General Meade's, the witness adduced by General Longstreet to show that all the troops from Ewell's front except one brigade had been allowed, by Ewell's inaction, to be thrown against him, that only one brigade from that point arrived in time to take part in the action on the enemy's left, Meade adding: The enemy having been repulsed before the rest of the force came up. It was then on the extreme right from which troops were taken, so as to leave only one brigade there. This was at Culp's Hill and on the right of it (the enemy's), where the sides of the hill were wooded and exceedingly rugged. This part of the line confronted Johnson's division, while Cemetery Hill itself was held by the First and Eleventh corps, which Butterfield sbows in his testimony numbered more than 10,000 men on the 4th of July, after all the fighting on the 2nd and 3rd. In addition, the Second corps, Hancock's, was on the left of the Eleventh corps, connecting with it. That corps had three divisions,
England (United Kingdom) (search for this): chapter 36
advance of this point, and during the early part of that same morning, we were both engaged, in company with Generals Lee and A. P. Hill, in observing the position of the Federals. General Lee--with coat buttoned to the throat, sabre-hilt buckled around the waist, and field-glasses. pending at his side-walked up and down in the. shade of large trees near us, halting now and then to observe the enemy. He seemed full of hope, yet at times buried in deep thought. Colonel Freemantle, of England, was ensconced in the forks of a tree not far off, with glass in constant use, examining the lofty position of the Federal army. General Lee was seemingly anxious that you should attack that morning. He remarked to me: The enemy is here, and if we don't whip him he will whip us. You thought it best to await the arrival of Pickett's division-at that time still in the rear-in order to make the attack; and you said to me subsequently, whilst we were seated together near the trunk of a tr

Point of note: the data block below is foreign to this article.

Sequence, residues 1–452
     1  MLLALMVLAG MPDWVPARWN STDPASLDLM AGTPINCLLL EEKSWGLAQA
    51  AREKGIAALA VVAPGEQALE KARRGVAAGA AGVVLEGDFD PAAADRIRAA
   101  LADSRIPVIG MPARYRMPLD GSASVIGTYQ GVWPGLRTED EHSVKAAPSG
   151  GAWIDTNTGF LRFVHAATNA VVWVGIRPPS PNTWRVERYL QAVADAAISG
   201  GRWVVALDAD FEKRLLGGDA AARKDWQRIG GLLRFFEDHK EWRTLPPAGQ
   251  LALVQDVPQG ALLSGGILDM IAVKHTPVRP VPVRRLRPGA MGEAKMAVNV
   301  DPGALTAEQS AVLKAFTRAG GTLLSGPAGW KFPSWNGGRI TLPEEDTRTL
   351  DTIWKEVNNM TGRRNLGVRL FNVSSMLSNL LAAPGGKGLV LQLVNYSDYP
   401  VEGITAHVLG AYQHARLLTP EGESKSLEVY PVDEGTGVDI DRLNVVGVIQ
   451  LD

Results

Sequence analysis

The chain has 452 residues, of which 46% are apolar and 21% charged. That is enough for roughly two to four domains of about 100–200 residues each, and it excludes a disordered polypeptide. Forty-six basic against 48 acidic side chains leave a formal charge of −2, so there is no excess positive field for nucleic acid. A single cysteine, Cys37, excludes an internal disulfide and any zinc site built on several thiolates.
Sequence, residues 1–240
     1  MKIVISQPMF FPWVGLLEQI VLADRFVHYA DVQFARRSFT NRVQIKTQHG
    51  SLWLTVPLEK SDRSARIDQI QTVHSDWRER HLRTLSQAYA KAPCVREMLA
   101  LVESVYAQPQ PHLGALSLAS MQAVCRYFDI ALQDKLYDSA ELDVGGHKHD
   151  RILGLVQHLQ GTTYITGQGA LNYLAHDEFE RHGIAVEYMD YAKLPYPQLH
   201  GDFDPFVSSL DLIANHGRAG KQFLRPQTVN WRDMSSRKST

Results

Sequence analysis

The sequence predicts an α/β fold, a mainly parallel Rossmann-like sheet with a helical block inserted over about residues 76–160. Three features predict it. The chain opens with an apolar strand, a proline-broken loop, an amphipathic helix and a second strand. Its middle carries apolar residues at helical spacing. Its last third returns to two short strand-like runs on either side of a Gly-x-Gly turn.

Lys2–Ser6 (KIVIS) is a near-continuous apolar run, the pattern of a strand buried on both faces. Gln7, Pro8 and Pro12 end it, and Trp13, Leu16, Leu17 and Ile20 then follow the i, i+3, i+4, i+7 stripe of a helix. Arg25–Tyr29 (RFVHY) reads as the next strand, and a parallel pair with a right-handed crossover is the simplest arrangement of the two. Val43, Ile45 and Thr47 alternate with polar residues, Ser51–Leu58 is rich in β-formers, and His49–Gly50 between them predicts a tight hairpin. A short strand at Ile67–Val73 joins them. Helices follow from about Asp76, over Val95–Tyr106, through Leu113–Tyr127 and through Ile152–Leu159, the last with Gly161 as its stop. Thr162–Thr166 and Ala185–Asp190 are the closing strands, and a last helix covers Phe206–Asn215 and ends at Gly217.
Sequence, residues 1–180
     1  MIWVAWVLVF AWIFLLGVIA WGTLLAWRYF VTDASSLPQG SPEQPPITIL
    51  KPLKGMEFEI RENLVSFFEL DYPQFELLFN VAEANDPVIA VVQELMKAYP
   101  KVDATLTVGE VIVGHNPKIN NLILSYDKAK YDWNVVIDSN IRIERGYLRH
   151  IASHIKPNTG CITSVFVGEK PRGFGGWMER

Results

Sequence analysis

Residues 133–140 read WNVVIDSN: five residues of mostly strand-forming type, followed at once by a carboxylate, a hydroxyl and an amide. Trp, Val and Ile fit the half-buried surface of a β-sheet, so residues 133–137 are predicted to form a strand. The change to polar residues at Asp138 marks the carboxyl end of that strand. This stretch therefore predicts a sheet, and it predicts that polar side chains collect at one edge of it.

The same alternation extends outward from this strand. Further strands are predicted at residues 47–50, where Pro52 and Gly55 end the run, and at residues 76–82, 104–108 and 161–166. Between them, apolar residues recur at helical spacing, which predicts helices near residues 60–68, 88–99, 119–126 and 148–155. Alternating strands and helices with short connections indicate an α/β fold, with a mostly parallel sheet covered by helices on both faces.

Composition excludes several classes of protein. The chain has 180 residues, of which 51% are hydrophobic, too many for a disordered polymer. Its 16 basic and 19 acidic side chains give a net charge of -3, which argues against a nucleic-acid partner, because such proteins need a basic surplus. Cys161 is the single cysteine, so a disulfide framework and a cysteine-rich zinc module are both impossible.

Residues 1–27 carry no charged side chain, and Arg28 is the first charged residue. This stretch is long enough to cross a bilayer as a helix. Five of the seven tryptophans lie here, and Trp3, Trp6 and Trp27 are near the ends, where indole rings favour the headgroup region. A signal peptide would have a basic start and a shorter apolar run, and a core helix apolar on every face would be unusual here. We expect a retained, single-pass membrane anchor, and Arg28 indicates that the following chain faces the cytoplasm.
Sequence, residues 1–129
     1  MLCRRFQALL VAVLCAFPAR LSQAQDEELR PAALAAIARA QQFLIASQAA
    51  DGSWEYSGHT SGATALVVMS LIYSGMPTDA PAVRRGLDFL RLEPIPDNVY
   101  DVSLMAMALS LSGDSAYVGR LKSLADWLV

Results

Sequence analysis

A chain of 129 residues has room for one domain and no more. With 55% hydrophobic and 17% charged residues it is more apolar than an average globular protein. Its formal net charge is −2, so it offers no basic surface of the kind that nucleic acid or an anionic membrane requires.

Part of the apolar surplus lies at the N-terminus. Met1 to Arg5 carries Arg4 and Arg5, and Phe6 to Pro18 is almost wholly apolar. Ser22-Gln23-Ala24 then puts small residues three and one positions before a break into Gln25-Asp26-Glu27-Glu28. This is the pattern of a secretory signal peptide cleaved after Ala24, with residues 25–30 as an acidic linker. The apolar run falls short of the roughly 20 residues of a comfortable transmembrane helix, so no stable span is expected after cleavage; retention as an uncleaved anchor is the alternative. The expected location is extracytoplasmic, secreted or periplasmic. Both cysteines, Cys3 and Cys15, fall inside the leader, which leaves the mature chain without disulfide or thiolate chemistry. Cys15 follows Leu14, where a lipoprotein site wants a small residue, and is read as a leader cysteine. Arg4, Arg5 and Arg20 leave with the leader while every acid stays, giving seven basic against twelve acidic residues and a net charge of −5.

Pennsylvania (Pennsylvania, United States) (search for this): chapter 36
hich occurred in making the attack lost us the victory. It was very natural that Longstreet's corps should be selected to assume the initiative on the 2nd day at Gettysburg. Neither of his divisions had been at the recent battles at Chancellorsville and Fredericksburg, except McLaws', and that division, with the exception of Barksdale's brigade, had not been as heavily engaged there as the other troops. Ewell's corps had captured Winchester and cleared the valley on its advance into Pennsylvania, and two of its divisions, as well as two of Hill's, had been heavily engaged on the first. Can it be that General Longstreet apprehended that if the advantage gained on the first day was promptly and vigorously prosecuted the chief glory of the battle would devolve on the two. corps which had first encountered the enemy and brought him to bay, and hence desired to change the theatre of the battle that was inevitable? A careful study of the testimony of Meade and his officers, co